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Originally published Tuesday, February 8, 2011 at 8:14 PM

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Wake Forest baseball coach Tom Walter donates kidney to player Kevin Jordan

Wake Forest baseball coach Tom Walter has donated a kidney to freshman player Kevin Jordan, who suffers from a disease that can lead to kidney failure.

Wake Forest baseball coach Tom Walter has donated a kidney to a freshman player who suffers from a disease that can lead to kidney failure.

Both Walter and outfielder Kevin Jordan were recovering Tuesday in an Atlanta hospital one day after the transplant was performed.

"For us, it's almost like it's been divine intervention," said Jordan's father, Keith.

Kevin Jordan previously had a kidney functioning at 8 percent of its ability and was taking 35 pills daily.

Dr. Kenneth Newell, lead surgeon on the team that removed Walter's kidney, said in a statement issued Tuesday by Wake Forest officials that he expects Walter and Jordan to recover fully.

Recovery for both the 42-year-old Walter and Jordan is expected to take months.

Walter said it will be two months before he is back to normal.

Keith Jordan predicted his son could swing a bat again in six to eight weeks, and he expects Kevin to enroll in summer school in June and prepare for the fall semester.

Jordan's priority is the early stage of recovery, which includes taking short walks in the hospital and making sure his incision doesn't become infected.

"I think he's feeling great, outside of he's still got a couple of tubes hanging out of him," Keith Jordan said.

Walter said the "best-case scenario is that Kevin and I just lead a normal life" but added that the great story will come when Jordan "makes it back to the playing field."

Jordan, 19, had trouble shaking the flu last winter as a high-school senior in Columbus, Ga., and lost about 20 pounds. He was diagnosed in April with ANCA vasculitis, a type of autoimmune swelling disorder caused by abnormal antibodies.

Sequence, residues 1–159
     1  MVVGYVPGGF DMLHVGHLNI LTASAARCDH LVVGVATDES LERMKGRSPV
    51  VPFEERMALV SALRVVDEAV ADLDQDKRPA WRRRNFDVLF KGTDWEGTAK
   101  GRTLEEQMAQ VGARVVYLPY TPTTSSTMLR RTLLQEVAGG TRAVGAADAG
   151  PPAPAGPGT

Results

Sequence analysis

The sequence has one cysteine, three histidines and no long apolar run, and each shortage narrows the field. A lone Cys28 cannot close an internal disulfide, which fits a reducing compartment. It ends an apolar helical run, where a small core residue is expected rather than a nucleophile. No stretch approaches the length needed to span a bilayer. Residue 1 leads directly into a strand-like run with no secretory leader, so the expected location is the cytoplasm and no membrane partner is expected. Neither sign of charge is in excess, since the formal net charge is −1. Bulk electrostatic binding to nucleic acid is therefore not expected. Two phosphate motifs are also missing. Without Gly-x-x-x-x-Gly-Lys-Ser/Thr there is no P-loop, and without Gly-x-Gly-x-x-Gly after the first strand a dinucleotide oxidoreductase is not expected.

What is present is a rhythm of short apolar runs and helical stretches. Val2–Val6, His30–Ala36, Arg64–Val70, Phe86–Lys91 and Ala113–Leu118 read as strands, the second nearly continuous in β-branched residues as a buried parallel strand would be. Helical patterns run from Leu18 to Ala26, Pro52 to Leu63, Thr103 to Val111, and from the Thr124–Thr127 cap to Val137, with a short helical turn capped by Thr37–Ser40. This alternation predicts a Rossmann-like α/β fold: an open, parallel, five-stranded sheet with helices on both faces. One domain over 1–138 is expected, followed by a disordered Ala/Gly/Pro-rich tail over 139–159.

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Two days before enrolling at Wake Forest in the fall, Jordan was told by doctors he needed a transplant as soon as possible. His dialysis was increased to 10 hours daily.

Walter volunteered for a transplant if the Jordans couldn't find a match within the family. No match was found among family members and Keith Jordan phoned to see if Walter was still willing.

Walter, who called the decision a no-brainer, said, "When we recruit our guys, we talk about family and we talk about making sacrifices for one another, for our teammates."

Of Walter, Wake Forest athletic director Ron Wellman said, "He's been a very giving person, a very kind person with our baseball program, so in one sense, this should not have surprised me. But when someone makes a sacrifice like this to someone outside his biological family, it's a surprise."

Wake Forest officials asked the Atlantic Coast Conference whether the transplant would run afoul of the NCAA's myriad rules about "extra benefits."

Wellman said, "We called the ACC and they kind of chuckled about it."

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